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The Liberal State, Economic Development and the Crisis of the 1890s: Joao Crisóstomo and José Frederico Laranjo

Joao Carlos Graca () and Teresa Nunes ()
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Joao Carlos Graca: Instituto Superior de Economia e Gestão, Centro de Investigação em Sociologia Económica e das Organizações - Universidade de Lisboa
Teresa Nunes: Faculdade de Letras, Departamento de História - Universidade de Lisboa

History of Economic Ideas, 2016, vol. 24, issue 2, 111-140

Abstract: Founded in 1876, the Portuguese Progressive Party sought to serve as an alternative political formation to the then ruling Regenerator Party. Whilst fairly unanimous in its critique of the so-called ‘material improvements’ policy, the party did not, however, produce any coherent economic option. Although generally in favour of budgetary ‘economies’, in line with prevailing nineteenth-century liberal thinking, the Progressives have not reached full internal agreement on this matter, even less so as regards the issue of protectionism versus free-trade. This paper describes the huge diversity of ideas within the party, as exemplified by the cases of João Crisóstomo and José Frederico Laranjo.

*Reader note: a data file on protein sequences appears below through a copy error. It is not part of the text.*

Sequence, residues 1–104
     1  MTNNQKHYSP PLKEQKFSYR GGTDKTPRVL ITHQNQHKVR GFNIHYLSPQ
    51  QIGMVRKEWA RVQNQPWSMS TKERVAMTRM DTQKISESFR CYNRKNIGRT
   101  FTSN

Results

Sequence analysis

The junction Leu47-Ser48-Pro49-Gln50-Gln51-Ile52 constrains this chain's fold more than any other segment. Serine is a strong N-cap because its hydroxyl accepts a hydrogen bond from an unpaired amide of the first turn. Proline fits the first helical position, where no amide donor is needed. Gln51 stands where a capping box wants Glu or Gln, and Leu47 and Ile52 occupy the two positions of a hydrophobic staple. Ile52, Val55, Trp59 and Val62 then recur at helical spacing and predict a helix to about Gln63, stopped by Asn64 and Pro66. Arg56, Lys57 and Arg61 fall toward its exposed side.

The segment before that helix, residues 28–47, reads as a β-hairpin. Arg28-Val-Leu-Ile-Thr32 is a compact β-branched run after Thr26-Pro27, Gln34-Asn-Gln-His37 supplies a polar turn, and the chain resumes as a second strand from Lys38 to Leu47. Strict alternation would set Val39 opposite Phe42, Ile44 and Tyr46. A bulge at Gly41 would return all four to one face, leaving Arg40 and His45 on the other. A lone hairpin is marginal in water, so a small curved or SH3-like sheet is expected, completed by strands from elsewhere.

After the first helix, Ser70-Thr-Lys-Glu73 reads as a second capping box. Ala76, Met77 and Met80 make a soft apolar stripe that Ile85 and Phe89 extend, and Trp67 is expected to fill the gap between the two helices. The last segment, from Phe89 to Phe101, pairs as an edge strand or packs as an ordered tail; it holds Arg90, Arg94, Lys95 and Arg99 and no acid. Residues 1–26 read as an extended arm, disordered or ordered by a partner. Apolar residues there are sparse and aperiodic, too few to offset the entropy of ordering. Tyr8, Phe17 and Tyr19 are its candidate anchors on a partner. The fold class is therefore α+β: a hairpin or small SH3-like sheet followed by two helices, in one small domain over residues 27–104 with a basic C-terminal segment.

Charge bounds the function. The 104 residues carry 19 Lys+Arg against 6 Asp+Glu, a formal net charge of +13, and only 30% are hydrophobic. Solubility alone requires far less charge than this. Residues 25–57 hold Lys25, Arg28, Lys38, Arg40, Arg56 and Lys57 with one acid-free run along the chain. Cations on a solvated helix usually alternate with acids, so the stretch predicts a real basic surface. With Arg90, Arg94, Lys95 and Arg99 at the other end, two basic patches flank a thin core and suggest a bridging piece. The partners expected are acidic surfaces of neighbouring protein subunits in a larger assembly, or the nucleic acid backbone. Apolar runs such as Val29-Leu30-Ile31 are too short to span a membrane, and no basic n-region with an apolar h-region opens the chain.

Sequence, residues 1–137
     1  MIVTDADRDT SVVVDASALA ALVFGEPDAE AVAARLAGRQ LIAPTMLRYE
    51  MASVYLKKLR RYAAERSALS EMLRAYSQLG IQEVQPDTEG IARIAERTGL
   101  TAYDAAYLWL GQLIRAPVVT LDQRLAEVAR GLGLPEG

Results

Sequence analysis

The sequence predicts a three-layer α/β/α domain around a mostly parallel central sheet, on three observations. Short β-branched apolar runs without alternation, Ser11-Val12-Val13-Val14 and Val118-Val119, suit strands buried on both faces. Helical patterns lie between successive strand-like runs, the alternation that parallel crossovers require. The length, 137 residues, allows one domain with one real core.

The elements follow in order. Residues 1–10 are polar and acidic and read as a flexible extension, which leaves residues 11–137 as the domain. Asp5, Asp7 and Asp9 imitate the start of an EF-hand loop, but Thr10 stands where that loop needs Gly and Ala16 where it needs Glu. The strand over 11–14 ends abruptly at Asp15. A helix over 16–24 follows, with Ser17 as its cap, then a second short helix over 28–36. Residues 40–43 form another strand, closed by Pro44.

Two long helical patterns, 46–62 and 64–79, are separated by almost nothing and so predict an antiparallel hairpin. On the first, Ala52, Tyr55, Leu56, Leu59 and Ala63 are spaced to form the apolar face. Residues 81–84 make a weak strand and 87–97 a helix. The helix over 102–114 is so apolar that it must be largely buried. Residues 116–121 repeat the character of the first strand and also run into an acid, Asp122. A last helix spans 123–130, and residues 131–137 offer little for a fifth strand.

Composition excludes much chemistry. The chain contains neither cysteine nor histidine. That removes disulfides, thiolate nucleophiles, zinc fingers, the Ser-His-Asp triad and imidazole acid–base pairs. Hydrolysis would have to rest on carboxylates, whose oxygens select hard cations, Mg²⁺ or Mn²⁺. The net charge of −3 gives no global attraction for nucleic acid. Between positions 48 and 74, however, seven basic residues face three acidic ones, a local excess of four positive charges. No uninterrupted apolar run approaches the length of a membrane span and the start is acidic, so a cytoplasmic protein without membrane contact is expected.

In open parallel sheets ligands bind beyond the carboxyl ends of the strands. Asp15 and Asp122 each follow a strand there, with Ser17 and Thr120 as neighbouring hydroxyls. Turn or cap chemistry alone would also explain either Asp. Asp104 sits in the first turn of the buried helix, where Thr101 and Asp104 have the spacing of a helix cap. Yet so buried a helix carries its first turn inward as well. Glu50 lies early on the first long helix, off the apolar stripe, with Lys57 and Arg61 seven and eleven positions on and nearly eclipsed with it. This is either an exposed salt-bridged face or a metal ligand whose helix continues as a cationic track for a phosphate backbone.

Date: 2016
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